I was excited to try this game, since it was billed as a shorter, lighter Descent, and length is really what's been keeping Descent off my table. It is indeed shorter. However, this game lacks a lot of the flavor and atmosphere Descent had, focusing mainly on the tactical war stuff. Also, some of the characters are strictly better than others. Disappointing. (1 play)
Meh. I dunno, I like for my card-combo games to have cards that are better differentiated from each other and do fun things. This is a deck building game where there are only a few different kinds of cards available ever, and while the activation mechanism is unusual, I didn't find it especially compelling. (1 play)
Not surprising someone came up with this goofy theme; you're inviting heroes to your resort and you can use them to fight monsters or you can build them up to help you win. The random events seemed excessively punishing. (1 play)
Well, it's certainly pretty. It reminded me of Taluva in that you want to lay one card over a set of symbols to separate them, but it is much more random and I also found it more frustrating, because you often must destroy something to your detriment and it is very difficult to set up for potential future moves. (1 play)
Like Thurn and Taxis, but with more murder. There's a certain amount of area-controlly competition which I enjoyed, but it wasn't enough to hold the game together. The luck of the draw dominated and in the last turn, it's impossible to play a card if you don't first assassinate someone. This becomes a little tedious, above and beyond the game being long for what it is. Meh. Also, the art is very ugly and it's hard to tell which noble is which. (1 play)
It's quite interesting, at least at first. It's a hand management game of accumulating cards slowly and spending them quickly, trying to convince your opponents to withdraw. The text cards add some flavor.
The problem is that once it gets near the end, it will pretty much depend on what cards you happen to have in your hand, and at the point it also starts feeling a little long and tedious. So, nice quick game at the beginning, but pretty "meh" toward the end. (1 play)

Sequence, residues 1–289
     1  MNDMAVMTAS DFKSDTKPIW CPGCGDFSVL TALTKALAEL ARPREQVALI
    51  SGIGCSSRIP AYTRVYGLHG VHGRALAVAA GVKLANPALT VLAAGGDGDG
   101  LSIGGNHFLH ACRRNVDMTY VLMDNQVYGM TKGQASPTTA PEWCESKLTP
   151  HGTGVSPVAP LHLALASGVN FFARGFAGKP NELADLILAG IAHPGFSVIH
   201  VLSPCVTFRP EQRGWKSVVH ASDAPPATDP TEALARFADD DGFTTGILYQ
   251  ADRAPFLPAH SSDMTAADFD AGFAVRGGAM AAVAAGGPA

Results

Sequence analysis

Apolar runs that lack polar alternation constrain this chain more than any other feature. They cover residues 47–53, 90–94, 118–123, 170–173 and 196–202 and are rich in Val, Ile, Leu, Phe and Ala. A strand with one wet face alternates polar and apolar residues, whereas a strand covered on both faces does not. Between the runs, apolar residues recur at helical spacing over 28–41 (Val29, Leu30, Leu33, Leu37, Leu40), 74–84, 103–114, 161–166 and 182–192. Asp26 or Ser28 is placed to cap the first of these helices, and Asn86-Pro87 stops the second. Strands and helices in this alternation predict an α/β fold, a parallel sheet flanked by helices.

See, you would think I would like this because it fixes some of the things I complain about with Ticket to Ride (futility) and adds some elements that I enjoy (economy) while retaining the interesting connection stuff. But the game was far longer than it was interesting, the endgame is messy and anticlimactic, and the ugly, boring board didn't help. Also, it became obvious about halfway through who would win. Meh. (1 play)
A back-and-forth board position game for two players. And that's really all it is. It's not really my thing, it seems to offer some pointlessly irresolvable struggles: I put this bridge here! You take it off! I put it back! Of course, this is limited by cards, but the game needs to offer more than that to excite me. (1 play)
It's not that I mind dice. It's just that the game seems designed to eliminate the possibility of long-range planning. It does have a very interesting variation on the worker-placement mechanic. I'd like to see something similar to that in a more interesting game. (1 play)
A bicycle racing game. Probably more interesting with fewer players; we played with six, so we only got to control one rider apiece. The game is all about using energy at the right time and is pretty thematic, and it's relatively simple once you get past the convoluted and poorly translated rules. It was sort of long and silly. I'm not a big fan of racing games generally, so I wasn't a big fan of this one either. (1 play)
People say this is a cooperative game, but it really wasn't when I played it; we didn't cooperate at all, and there was never really any danger of us losing as a team. I wasn't a huge fan of the system; it was kind of clunky and the symbols didn't seem to work too well because it was too hard to make them work together. The villain was kind of boring too. Meh. (1 play)
This is a very silly roll-and-move racing game made more interesting by characters' special abilities. The target audience seems to be children, with the simplicity of the basic mechanic and the underlying silliness of the game, but the interactions among the abilities are complex enough to prevent kids from being able to play it without an adult. So, I'm not sure where that leaves Magical Athlete. (1 play)